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Baton Rouge May Wait to Ask Employees About Criminal History

A proposal would expand the “ban the box” concept to the private sector, barring most contractors who do business with the city-parish from asking job applicants about their criminal history until late in the hiring process.

The number of East Baton Rouge Parish, La., businesses that ask job applicants about their criminal history early in the hiring process would drop under a Metro Council proposal that advocates say will decrease crime and increase economic opportunity for thousands.

The concept, known as "ban the box," is already mandated for the city-parish and the state hiring processes, but Metro Councilwoman Chauna Banks' proposed ordinance is poised to expand it to the private sector. Banks wants to bar most contractors and sub-contractors doing business with the city-parish from asking job applicants about their criminal history until late in the hiring process.

"As a city and a state, we spend millions of dollars on professional training for incarcerated people," Banks said. "The employer may not even consider these people, so once we can bring attention to that, we give them the opportunity to hire some really great people."

Businesses could still perform background checks on prospective employees but would have to wait until after making a conditional offer of employment, Banks said. Businesses wouldn't be required to hire people with criminal records but are encouraged to do so if the offenses have nothing to do with the work to be performed, Banks said.

Banks has worked on the measure for more than a year with the Power Coalition for Equality and Justice, a progressive voting rights group in New Orleans.

Banks based her proposal on an ordinance in New Orleans. Other large cities around the country have similar laws on the books.

The proposal would expand Banks' 2018 ordinance that required the city-parish to remove questions about criminal history from its government job applications. That ordinance built on a 2015 resolution by state Sen. C. Denise Marcelle, who was a councilwoman at the time, that encouraged the city-parish to follow a national trend of implementing the practice.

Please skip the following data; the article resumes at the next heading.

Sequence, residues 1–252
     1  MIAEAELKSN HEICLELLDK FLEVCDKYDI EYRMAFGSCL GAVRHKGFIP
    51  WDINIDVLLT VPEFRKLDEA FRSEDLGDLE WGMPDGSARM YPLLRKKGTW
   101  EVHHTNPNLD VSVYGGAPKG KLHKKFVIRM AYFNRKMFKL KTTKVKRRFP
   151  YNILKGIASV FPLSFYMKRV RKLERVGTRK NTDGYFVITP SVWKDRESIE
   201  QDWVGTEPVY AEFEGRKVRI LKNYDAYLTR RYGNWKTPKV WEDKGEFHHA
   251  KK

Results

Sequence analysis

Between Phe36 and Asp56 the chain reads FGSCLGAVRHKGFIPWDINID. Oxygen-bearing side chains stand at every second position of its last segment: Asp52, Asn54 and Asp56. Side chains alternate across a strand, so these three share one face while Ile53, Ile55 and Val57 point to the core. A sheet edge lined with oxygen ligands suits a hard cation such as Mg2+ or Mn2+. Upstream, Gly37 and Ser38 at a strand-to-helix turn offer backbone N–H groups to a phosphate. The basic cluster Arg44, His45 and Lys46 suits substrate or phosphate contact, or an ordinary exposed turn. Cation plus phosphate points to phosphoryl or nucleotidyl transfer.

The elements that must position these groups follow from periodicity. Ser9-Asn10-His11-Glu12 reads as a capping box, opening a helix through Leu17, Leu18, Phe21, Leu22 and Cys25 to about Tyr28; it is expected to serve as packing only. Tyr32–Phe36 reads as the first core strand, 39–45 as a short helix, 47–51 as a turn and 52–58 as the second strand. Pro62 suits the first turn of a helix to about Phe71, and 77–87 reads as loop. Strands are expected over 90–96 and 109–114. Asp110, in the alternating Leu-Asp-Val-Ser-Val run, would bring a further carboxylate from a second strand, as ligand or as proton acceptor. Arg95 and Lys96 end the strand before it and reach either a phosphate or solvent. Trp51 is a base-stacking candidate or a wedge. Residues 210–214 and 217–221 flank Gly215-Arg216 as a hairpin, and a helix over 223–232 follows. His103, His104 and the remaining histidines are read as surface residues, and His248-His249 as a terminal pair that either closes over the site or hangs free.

Louisiana has the highest rate of incarceration in the nation, which leaves many people unable to find businesses willing to hire them when they get out, said Kaitlyn Joshua, an advocate for the Power Coalition. The lack of opportunities leads many to re-offend, increasing crime rates in communities, Joshua said.

The measure nearly passed during a council meeting last month, but the Parish Attorney's Office, which helps compose potential ordinances, requested a postponement to address several administrative matters.

The current version of the proposal would take affect 180 days after its approval to allow the city-parish time to establish compliance procedures, a key concern. Banks said she hopes the delay will satisfy her colleagues' concerns.

Most council members who commented on the item during debate seemed largely supportive of the policy.

But Councilman Dwight Hudson said it's already expensive to hire employees, and Banks' proposal could make the process even harder.

"I really feel like we're being onerous on the bidding public," Hudson said.

Contractors are already expected to meet a plethora of city-parish requirements, including fair hiring practices for minorities and other protected groups, Banks said.

"Complying with codes is part of every business," Banks said. "There are federal codes, state codes in every contract."

Banks noted that no business representatives testified against the proposal, adding that she has received little negative feedback from city-parish contractors.

The ordinance wouldn't apply to certain city-parish departments and agencies that deal with public safety, including the Baton Rouge Police Department, Emergency Medical Services, the Finance Department and the Greater Baton Rouge Airport District, among others.

(c)2023 The Advocate, Baton Rouge, La. Distributed by Tribune Content Agency, LLC.

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